On his death, Gabriel de Rumine, son of Russian nobility, left the city of Lausanne 1.5 million Swiss Francs to erect a building for the use of the public. Building began in 1892 according to the design of the Lyonnais architect Gaspard André. The building was inaugurated on the 3 November 1902, although building work continued until 1904.
On 24 July 1923, the Treaty of Lausanne was signed in Palais de Rumine.
It housed facilities such as the library of the University of Lausanne, and scientific and artistic collections belonging to the Canton of Vaud. In the 1980s, the university moved to its current location by Lake Geneva due to lack of space, and the Palais was restructured.
The building currently hosts one of the three sites of the Cantonal and University Library of Lausanne. Additionally, it contains several museums like Musée cantonal des beaux-arts (Cantonal Museum of Fine Arts), Musée cantonal d'archéologie et d'histoire (Cantonal Museum of Archeology and History) and Musée monétaire cantonal (Cantonal Museum of Money).References:
Monte d"Accoddi is a Neolithic archaeological site in northern Sardinia, located in the territory of Sassari. The site consists of a massive raised stone platform thought to have been an altar. It was constructed by the Ozieri culture or earlier, with the oldest parts dated to around 4,000–3,650 BC.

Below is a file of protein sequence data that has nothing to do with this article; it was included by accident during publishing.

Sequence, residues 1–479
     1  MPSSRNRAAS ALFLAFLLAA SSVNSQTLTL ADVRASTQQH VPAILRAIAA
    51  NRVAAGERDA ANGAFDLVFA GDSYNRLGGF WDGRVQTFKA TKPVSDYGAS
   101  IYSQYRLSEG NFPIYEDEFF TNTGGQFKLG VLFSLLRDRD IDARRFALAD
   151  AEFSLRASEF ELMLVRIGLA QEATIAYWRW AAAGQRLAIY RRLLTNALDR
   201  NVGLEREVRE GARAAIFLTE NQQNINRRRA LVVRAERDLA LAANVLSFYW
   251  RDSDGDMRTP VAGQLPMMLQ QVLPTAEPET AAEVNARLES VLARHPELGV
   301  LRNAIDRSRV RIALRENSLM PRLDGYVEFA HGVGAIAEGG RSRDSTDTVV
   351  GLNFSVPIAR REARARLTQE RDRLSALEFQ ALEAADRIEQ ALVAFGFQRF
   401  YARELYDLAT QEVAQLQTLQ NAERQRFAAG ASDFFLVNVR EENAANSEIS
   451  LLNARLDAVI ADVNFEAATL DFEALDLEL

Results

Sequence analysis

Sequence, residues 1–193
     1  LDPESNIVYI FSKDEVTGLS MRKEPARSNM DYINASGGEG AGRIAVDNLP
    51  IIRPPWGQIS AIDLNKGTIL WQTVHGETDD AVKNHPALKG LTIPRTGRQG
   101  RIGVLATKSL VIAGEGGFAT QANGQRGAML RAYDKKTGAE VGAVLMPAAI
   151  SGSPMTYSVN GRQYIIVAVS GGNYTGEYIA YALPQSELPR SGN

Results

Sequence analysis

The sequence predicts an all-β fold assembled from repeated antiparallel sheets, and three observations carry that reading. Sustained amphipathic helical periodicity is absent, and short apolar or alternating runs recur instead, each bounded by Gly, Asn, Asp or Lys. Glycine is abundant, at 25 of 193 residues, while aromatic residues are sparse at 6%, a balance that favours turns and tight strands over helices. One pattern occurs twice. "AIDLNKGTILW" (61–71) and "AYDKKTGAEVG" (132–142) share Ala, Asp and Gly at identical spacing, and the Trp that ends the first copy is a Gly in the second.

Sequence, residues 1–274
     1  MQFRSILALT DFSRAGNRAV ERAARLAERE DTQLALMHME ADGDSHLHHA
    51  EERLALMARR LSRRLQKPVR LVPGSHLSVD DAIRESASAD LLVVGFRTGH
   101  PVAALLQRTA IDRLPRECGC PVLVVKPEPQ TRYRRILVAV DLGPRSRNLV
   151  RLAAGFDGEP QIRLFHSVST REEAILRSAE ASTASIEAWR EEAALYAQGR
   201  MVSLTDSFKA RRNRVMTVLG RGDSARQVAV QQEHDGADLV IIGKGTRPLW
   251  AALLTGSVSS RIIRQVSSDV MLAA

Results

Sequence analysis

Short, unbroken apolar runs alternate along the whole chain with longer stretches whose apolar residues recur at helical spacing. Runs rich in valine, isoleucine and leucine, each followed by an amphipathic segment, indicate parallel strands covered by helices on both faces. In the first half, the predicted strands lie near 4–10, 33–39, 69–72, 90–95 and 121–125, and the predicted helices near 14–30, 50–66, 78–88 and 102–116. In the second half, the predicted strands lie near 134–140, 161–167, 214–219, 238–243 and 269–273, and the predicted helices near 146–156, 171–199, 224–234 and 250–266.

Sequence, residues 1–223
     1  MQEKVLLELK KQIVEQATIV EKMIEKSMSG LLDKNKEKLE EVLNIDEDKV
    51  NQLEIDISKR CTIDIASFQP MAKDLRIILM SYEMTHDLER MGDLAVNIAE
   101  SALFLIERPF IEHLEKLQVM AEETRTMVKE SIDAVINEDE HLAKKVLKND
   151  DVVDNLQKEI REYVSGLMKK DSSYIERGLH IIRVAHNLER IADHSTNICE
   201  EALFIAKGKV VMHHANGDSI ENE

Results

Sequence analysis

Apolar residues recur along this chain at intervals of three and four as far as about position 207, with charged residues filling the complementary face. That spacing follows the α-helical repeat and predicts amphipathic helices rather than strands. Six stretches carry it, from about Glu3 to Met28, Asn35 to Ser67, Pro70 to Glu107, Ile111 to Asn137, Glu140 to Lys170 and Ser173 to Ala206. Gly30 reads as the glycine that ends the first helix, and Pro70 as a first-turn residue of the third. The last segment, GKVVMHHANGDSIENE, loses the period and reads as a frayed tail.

The site was discovered in 1954 in a field owned by the Segni family. No chambers or entrances to the mound have been found, leading to the presumption it was an altar, a temple or a step pyramid. It may have also served an observational function, as its square plan is coordinated with the cardinal points of the compass.
The initial Ozieri structure was abandoned or destroyed around 3000 BC, with traces of fire found in the archeological evidence. Around 2800 BC the remains of the original structure were completely covered with a layered mixture of earth and stone, and large blocks of limestone were then applied to establish a second platform, truncated by a step pyramid (36 m × 29 m, about 10 m in height), accessible by means of a second ramp, 42 m long, built over the older one. This second temple resembles contemporary Mesopotamian ziggurats, and is attributed to the Abealzu-Filigosa culture.
Archeological excavations from the chalcolithic Abealzu-Filigosa layers indicate the Monte d"Accoddi was used for animal sacrifice, with the remains of sheep, cattle, and swine recovered in near equal proportions. It is among the earliest known sacrificial sites in Western Europe.
The site appears to have been abandoned again around 1800 BC, at the onset of the Nuragic age.
The monument was partially reconstructed during the 1980s. It is open to the public and accessible by the old route of SS131 highway, near the hamlet of Ottava. It is 14,9 km from Sassari and 45 km from Alghero. There is no public transportation to the site. The opening times vary throughout the year.